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A Fresh Direction for Liberty

Geoffroy de La Bourdonnaye, the new chief executive at Liberty, doesn't see much difference between marketing fashion items or fast-moving consumer goods.

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LONDON — Geoffroy de La Bourdonnaye, the new chief executive at Liberty, doesn’t see much difference between marketing fashion items or fast-moving consumer goods. A former Walt Disney Co. and PepsiCo Inc. executive, de La Bourdonnaye said the hardest part about breaking into the fashion business was persuading his colleagues he could speak the luxury lingo.

Before joining Liberty last summer, the 50-year-old French executive had served as president of Christian Lacroix for four years. “The only challenge in making the transition from Disney to Lacroix was convincing people that I was legitimate in that world, that I was part of them,” said the steely-haired de La Bourdonnaye during an interview inside store founder Arthur Liberty’s wood-paneled boardroom.

“At Disney, I was taking stories and turning them into products,” he said. “At Lacroix, I was taking ideas from the catwalk and turning them into items that could be sold at retail. In both, you’re playing with creativity — and the bottom line. You can apply marketing to anything.”

At Liberty, de La Bourdonnaye wants to use his own broad experience to sharpen the store’s appeal, which is why he’s searched inside and outside the fashion cosmos to make his most recent staff changes.

His goal, he said, is not to compete with London department and specialty stores like Selfridges, Harrods or Harvey Nichols, but to transform Liberty into a specialty store along the lines of Colette or Dover Street Market. “For me, it’s not about providing the food hall. Instead I want food for the soul,” he said.

On the fashion front, de La Bourdonnaye has hired Yasmin Sewell, former director of buying at Browns in London, as a fashion consultant. “What we need is [someone with] an eye with conviction, who is going to buy deep, believe in and support the labels,” he said, adding that, in the past, Liberty’s buy had been far too wide and shallow, with the best items selling out immediately and the rest languishing for months on the shop floor.

The hot sellers he’s referring to include Alexander McQueen, Martin Margiela and Dries van Noten.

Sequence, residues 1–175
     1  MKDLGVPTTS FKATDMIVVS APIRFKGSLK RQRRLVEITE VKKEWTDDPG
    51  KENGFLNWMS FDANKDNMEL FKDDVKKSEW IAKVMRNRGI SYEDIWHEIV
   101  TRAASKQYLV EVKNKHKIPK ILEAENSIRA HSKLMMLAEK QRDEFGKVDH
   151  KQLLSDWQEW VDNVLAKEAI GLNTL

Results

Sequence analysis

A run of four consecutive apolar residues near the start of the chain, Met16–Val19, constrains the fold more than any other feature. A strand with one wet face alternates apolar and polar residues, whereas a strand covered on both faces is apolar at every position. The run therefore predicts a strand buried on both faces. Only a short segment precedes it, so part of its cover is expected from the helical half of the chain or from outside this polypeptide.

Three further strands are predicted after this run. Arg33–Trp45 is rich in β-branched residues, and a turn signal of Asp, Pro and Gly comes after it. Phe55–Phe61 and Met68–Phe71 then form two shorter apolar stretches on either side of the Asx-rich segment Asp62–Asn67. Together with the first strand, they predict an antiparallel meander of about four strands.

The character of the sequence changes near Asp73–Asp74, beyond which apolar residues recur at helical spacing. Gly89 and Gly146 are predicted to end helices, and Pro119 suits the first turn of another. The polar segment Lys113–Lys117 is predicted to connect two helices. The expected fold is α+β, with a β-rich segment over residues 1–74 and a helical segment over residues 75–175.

He also plans to reduce the home collection from three floors to two, and dedicate the extra space to fashion. Some recent labels Liberty has taken on exclusively include Christian Lacroix and Karl Lagerfeld bridal; the American lingerie label Kiki de Montparnasse, and Jean Paul Gaultier.

He’s poached Sara Edwards, formerly head of human resources from Claridge’s and The Connaught, to take on a similar job at Liberty “because I want the same service standards as a five-star hotel,” he said. Edwards is working with de La Bourdonnaye on introducing personal shopping and concierge services, seven-day valet parking — key in a city where spaces are rare and expensive — a men’s grooming area and a wedding and gift list.

De La Bourdonnaye said he’s hoping all these changes will help make the flagship itself profitable. “It’s currently not making money — but it will,” he said.

Harrods veteran Guy Hipwell, Liberty’s new director of Internet, merchandising and supply chain, will unveil the store’s first e-commerce site, which will become transactional this summer.

De La Bourdonnaye is also aiming to tap into Liberty’s links with the decorative arts. After all, founder Arthur Liberty made his name trawling the world for textiles, arts and crafts that he would sell at his central London emporium, which is still housed in the original Tudor revival building. The store was seen as core to the era’s Arts & Crafts movement, particularly such designers as William Morris. Such was Liberty’s taste and talent that in the late 19th century London’s Victoria and Albert Museum would purchase antique embroideries and rugs from him.